UCLan conducts national and international research projects within the two specific research units of the Midwifery and Maternal Child Health cluster. These have resulted in increased knowledge and improved clinical practice related to childbirth, maternal and infant health and wellbeing.
The Midwifery and Maternal Child Health cluster co-ordinates a range of multidisciplinary regional, national and international meetings, networks and conferences; these include health practitioner and service user representation.
This group uses a wide range of methods, from ethnography to randomised trials, surveys to phenomenology. Studies include:
With a team of multidisciplinary staff and PhD students working internationally, nationally and locally on a range of projects, UCLan’s areas of expertise include:
To find out more about research in Midwifery and Maternal Child Health, contact Professor Soo Downe OBE or Professor Fiona Dykes
UCLan research within the Midwifery and Maternal Child Health cluster has influenced practice locally, nationally, and internationally, including:
MAINN staff have been involved in WHO and UNICEF global strategies for infant and young child feeding and the protection, promotion and support of breastfeeding. The editorial office for Maternal and Child Nutrition (Wiley-Blackwell journal) is in MAINN Unit.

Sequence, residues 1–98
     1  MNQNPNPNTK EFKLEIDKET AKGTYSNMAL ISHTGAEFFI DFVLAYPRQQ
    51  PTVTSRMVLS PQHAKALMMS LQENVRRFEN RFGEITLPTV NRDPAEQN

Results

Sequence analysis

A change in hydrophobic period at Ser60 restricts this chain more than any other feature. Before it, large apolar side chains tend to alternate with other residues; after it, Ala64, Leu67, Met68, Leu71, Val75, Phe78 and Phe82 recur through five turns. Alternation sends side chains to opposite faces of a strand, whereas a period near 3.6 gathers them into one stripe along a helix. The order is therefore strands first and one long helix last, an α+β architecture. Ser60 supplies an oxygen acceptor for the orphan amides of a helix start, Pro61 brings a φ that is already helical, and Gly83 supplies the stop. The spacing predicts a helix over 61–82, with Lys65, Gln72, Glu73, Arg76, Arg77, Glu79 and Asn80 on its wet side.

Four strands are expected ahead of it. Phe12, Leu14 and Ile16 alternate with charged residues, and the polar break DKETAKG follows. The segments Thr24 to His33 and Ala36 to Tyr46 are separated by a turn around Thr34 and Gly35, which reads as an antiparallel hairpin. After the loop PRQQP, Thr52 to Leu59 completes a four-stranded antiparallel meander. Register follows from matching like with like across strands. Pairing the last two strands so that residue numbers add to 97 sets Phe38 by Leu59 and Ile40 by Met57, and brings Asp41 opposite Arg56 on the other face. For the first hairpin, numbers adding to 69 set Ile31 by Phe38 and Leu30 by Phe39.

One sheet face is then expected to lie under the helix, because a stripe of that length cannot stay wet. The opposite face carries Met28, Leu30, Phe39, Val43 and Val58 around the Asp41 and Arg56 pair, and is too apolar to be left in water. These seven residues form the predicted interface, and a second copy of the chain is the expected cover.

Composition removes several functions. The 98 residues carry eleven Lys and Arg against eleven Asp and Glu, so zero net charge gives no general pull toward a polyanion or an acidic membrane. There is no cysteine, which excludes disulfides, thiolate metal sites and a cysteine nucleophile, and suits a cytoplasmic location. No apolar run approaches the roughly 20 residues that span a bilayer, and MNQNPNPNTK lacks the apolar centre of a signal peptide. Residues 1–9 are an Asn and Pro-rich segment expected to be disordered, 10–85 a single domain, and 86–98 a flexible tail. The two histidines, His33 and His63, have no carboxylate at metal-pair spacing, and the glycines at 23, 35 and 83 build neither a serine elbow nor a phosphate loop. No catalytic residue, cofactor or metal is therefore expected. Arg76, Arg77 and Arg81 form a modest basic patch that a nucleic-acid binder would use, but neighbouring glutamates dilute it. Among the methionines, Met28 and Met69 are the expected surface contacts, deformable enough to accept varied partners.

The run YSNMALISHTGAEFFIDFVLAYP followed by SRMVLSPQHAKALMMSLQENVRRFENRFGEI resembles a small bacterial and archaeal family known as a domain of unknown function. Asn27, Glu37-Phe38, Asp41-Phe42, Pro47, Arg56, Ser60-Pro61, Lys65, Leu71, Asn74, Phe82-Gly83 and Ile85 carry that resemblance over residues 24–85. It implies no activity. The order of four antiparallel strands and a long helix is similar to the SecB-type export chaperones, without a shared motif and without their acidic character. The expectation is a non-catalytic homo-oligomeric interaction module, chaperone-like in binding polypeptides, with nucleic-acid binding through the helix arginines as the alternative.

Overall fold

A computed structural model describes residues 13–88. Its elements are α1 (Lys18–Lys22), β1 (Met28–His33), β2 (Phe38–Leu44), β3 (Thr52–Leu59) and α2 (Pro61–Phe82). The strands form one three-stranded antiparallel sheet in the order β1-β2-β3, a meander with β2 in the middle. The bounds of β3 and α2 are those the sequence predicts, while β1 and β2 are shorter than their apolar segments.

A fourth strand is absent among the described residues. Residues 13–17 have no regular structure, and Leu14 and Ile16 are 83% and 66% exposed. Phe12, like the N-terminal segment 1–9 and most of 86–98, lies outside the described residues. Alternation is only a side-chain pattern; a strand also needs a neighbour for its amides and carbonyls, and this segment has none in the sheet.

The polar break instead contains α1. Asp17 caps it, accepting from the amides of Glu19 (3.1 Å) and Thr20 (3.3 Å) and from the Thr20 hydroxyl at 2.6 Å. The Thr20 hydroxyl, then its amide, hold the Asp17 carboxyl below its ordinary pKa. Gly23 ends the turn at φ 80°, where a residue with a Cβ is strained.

A range of commissioned health- and social care-based evaluations have led to the targeting, initiation, re-design and implementation of service delivery and accountability systems in several Lancashire-based National Health Services..
ReaCH research has contributed to the change in definition of ‘normal birth’ in the collection of government maternity statistics, and has catalysed the establishment of the Royal College of Midwives’ Campaign for Normal Birth.
Studies undertaken by both research teams have been cited in national clinical guidelines, including those of the National Institute for Health and Clinical Excellence (NICE).
Internationally, both research teams have extensive collaborative links that are generating tangible impact, for example research in Pakistan on the provision of maternal and child health programmes.
ReaCH has led EU-funded work that has brought together researchers and stakeholders from twenty-six countries to design and implement a framework of best maternity care, culminating in an international on-line survey of maternity care that has generated thousands of responses. They have been co-authors in two Lancet Special Series, and advisers for WHO initiatives in maternity care. Members of MAINN were among the 35 partners comprising more than 200 individual scientists from 17 European countries in the EURRECA (EURopean micronutrient RECommendations Aligned) Network of Excellence that developed building blocks to harmonise European micronutrient recommendations (funded by the European Commission).
This research theme contributes to the cross-disciplinary research sub-theme Evidence for Societal Change.